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Where to go; Foam Board Plan Details From My 3D Model

#1
Hello,

I'm trying to design my own P-51 out of foam board. I was going to use paper-craft designs which are made for flat printed paper. I, however, wish to design the skeleton, bulkheads, Retract housing and where all my electronics with go. I CAN do this in 3D with measuring everything out but it seems there is an easier way. Like this amazing gentleman, unrauv, whom has unfortunately passed away, but look at what he has done. So amazing and it seems as though the program knows about the thickness. Check this out:
https://forum.flitetest.com/index.p...constellation-plans-and-modeling.53454/page-3

Here's an awesome picture of what he has done. Below is my 3D design. Is this Solidworks? Where can I go from here? Any suggestions would be great. I eventually want to print out plans on regular paper then remove one paper of the foam board and glue my prints directly on it, so I basically only cut once!

181766_933b623cfed6e1188d799f17007cc0bd.png
My_P51.jpg
 
Last edited:

FoamyDM

Building Fool-Flying Noob
#2
This is the dilemma I've had with 3D modeling in general. I know there is a way to make a cut list even a layout sheet where the computer takes the parts and optimized the cut layout. but it is Well beyond me. anybody know where we should look. I would much prefer to do this all in 3D cadd.
 
#3
This is the dilemma I've had with 3D modeling in general. I know there is a way to make a cut list even a layout sheet where the computer takes the parts and optimized the cut layout. but it is Well beyond me. anybody know where we should look. I would much prefer to do this all in 3D cadd.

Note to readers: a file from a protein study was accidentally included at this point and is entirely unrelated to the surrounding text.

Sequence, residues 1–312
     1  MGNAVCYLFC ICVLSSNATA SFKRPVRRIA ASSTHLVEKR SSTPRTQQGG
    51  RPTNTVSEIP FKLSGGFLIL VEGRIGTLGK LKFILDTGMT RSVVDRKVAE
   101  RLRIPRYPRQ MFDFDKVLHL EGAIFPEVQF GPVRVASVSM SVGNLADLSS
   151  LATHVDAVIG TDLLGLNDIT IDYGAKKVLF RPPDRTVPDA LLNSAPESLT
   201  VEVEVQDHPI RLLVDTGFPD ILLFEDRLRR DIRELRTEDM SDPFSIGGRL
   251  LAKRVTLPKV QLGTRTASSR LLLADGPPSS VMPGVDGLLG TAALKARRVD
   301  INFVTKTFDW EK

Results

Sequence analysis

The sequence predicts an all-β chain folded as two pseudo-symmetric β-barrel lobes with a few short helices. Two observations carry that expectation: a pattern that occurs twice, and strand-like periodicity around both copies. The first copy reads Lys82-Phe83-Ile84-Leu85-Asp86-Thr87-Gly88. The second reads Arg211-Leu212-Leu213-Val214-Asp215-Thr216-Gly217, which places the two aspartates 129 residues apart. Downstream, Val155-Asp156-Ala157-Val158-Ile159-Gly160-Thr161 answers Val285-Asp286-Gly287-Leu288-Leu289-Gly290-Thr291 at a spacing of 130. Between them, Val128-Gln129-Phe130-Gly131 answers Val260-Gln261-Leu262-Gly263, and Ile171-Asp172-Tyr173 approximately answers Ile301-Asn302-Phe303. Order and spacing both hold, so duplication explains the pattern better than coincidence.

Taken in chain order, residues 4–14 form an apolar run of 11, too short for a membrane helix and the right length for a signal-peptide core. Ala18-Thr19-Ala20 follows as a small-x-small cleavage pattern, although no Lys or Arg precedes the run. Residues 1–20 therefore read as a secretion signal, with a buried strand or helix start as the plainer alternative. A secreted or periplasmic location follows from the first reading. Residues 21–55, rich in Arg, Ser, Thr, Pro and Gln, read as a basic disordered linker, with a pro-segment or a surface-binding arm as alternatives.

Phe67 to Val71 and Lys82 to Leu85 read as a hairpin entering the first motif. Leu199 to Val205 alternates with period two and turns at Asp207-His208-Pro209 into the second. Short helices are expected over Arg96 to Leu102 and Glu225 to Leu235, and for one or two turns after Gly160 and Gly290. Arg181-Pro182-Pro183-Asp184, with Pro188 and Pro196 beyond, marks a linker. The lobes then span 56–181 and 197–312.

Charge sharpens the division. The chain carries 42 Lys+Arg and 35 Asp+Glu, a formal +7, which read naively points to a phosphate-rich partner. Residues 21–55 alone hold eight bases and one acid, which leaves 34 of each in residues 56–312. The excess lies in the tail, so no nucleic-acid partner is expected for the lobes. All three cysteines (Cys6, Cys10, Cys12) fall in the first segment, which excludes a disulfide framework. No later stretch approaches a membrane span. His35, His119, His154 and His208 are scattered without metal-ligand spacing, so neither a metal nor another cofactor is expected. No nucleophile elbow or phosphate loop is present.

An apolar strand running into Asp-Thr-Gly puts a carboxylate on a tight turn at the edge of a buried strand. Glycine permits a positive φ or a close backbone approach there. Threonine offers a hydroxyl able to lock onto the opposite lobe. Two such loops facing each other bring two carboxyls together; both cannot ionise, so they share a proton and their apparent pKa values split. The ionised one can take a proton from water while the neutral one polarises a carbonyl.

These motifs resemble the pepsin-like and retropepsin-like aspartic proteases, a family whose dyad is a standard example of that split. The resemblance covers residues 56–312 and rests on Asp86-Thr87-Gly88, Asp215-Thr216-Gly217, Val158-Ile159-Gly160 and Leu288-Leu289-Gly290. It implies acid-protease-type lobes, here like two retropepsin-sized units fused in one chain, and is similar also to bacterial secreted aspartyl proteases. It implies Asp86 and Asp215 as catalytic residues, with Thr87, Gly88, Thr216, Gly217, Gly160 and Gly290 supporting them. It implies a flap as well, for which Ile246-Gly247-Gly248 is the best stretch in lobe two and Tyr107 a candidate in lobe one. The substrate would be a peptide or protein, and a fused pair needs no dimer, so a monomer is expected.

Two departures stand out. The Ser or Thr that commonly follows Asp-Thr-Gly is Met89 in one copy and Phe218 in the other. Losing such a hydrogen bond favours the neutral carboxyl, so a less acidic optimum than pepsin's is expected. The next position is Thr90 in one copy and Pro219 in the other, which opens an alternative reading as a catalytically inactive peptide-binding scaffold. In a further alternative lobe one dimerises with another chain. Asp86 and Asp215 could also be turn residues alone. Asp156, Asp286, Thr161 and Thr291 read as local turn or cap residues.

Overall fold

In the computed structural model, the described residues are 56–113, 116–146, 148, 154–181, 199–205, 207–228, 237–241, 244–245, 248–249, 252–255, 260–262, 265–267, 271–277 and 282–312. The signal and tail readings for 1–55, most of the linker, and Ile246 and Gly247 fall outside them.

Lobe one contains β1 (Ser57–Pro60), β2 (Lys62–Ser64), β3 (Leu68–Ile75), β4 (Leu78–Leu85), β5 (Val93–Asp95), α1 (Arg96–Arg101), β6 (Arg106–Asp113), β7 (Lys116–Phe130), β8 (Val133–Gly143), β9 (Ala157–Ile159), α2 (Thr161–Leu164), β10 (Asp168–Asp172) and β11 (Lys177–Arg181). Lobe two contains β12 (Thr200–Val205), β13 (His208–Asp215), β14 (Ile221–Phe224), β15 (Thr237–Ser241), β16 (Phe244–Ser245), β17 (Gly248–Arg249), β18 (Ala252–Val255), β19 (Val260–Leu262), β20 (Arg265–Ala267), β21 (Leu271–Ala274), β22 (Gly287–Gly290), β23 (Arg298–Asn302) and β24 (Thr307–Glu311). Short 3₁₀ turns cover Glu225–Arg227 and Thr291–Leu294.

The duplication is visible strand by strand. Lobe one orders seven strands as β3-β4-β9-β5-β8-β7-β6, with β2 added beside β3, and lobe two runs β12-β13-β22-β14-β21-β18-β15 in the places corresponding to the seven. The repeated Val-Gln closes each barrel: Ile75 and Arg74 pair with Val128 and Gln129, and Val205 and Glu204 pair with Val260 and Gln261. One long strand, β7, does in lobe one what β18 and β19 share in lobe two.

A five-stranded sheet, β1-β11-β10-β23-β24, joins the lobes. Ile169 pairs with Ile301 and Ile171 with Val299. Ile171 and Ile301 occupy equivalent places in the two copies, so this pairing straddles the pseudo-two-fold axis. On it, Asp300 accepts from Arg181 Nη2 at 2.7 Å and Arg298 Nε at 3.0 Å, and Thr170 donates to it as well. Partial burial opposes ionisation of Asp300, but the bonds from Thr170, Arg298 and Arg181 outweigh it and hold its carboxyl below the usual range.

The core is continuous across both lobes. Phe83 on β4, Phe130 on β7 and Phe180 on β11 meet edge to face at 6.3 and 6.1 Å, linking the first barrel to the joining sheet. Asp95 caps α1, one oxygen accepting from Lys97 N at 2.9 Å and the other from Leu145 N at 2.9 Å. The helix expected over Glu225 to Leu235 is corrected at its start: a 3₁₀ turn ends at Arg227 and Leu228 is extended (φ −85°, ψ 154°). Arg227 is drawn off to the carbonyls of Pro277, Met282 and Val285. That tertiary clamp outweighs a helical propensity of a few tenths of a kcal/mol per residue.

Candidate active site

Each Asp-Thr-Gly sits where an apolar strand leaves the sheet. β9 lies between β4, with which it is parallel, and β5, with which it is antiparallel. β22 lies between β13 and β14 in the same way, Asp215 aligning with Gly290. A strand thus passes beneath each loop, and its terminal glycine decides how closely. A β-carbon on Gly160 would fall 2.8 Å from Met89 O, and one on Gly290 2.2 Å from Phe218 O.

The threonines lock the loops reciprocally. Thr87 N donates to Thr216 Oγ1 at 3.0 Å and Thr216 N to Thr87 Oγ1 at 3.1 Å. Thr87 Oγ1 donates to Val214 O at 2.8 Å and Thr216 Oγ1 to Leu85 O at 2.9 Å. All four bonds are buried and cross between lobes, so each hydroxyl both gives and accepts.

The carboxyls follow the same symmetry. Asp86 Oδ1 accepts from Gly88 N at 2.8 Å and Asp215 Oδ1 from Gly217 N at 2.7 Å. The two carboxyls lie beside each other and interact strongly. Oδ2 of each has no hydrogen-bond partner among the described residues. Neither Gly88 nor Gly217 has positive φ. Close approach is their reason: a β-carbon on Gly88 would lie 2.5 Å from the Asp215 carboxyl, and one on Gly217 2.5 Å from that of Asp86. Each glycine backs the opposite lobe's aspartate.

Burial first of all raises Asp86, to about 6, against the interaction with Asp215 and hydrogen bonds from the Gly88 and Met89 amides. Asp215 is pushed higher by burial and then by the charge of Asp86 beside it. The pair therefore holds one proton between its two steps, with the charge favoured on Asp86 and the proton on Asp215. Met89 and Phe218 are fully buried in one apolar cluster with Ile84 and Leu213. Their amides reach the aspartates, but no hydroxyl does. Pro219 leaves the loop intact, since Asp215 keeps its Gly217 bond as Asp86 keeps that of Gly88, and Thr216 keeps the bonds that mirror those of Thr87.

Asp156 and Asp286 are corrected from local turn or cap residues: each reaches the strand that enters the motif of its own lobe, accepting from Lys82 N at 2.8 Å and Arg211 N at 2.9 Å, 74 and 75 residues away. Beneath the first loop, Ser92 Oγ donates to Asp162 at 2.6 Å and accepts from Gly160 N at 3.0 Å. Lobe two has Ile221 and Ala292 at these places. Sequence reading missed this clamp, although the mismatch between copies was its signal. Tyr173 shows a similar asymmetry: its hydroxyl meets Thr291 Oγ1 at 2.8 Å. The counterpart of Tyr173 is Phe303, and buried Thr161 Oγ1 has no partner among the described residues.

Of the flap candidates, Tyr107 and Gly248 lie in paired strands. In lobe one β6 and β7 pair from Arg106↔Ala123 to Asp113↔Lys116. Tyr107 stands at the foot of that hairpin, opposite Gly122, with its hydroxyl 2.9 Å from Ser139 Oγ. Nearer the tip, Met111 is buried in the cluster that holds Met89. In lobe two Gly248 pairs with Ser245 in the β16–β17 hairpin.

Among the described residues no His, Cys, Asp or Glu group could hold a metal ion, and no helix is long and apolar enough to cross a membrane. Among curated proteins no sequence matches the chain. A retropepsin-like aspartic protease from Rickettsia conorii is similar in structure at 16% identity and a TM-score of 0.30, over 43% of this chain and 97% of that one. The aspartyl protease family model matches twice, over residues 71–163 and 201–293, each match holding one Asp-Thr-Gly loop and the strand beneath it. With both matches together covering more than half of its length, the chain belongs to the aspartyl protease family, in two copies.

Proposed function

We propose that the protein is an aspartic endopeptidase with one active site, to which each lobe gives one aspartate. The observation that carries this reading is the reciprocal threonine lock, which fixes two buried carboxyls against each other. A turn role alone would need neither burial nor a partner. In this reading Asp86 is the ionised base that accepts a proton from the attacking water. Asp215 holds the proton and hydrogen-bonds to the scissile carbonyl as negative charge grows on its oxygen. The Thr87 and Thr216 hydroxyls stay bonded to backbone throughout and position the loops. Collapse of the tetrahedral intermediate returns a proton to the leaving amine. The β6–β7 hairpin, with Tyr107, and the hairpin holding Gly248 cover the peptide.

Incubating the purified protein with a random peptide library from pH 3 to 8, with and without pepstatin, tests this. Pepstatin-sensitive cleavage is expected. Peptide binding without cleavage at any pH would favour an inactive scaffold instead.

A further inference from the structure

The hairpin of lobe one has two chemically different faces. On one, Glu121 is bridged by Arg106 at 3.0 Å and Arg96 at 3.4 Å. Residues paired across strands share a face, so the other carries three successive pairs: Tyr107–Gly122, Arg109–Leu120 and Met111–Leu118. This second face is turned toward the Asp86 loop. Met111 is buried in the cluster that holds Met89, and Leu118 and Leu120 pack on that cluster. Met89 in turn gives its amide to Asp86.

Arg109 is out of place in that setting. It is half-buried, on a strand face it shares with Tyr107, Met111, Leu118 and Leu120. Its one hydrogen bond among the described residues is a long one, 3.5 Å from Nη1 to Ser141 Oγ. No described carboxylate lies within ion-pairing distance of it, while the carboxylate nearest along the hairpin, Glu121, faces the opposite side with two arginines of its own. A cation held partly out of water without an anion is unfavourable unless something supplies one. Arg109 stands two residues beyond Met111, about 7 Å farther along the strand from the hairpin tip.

I here ya, but I went to school for 3D animation so Its no problem for me... just a bit tedious to model everything from scratch. The Gentleman, unrauv, who passed away, seemed to have the program do a lot of automation for him, based on what I saw, I could be totally wrong. But I'm impatient so I decided to go the scratch way. I just scaled it down to real world size to what I wanted. Then I started modeling things like the power pod the motor for power pack C as references so I can build the guts accordingly then am going to account for the 1/4 in thickness of the board. I saw unrauv made the skeleton out of FB and just used poster board for the skin. This seems easier to deal with but After I do that I want to make the entire thing out of FB cuz its more sturdy. I will show WIPs when I get home. Thanks for the response!
 
#4
This is the dilemma I've had with 3D modeling in general. I know there is a way to make a cut list even a layout sheet where the computer takes the parts and optimized the cut layout. but it is Well beyond me. anybody know where we should look. I would much prefer to do this all in 3D cadd.
I like your Crimson Skies Dragster! How do you go about with your process of design? Illustrator, Photoshop? How do you end up with such nice clean plans?
 

FoamyDM

Building Fool-Flying Noob
#5
I use AutoCAD Lt 2012.
My current design method. (mostly because Sketchup's flatten add-on feature didn't work for a while for me.)
  • I import the images... scale it so the fuse matches just larger than standard pod (2" for B or C, 1.25" for A) or match Prop sizes
  • I draw over the image. P(oly)line mostly, Measure arc to confirm bent edges and flat lines should match up
  • Then I offset, shift change the Linetypes/layers as appropriate (sometimes I do it right and put it in correctly first.) to account for the folds and think about where I want bend, tapers, or slight bends (like on the FT wing tops). Where ever the Top and bottom layers are a flat solid piece in my mind.
    • Lt Blue Scores are for slight bends, like in the tail tapers, or paper removal edges.
    • Red line grooves are for bigger more defined bends, or the edge of foam removal.
    • Dots/Crosses/Concrete is for paper removal.
    • Long Hatched lines are for long ironed or sanded tapers
    • Short Hatched lines are bevels.
    • DON'T FORGET to MARK CG's a hole. You can always dot with glue if it's right.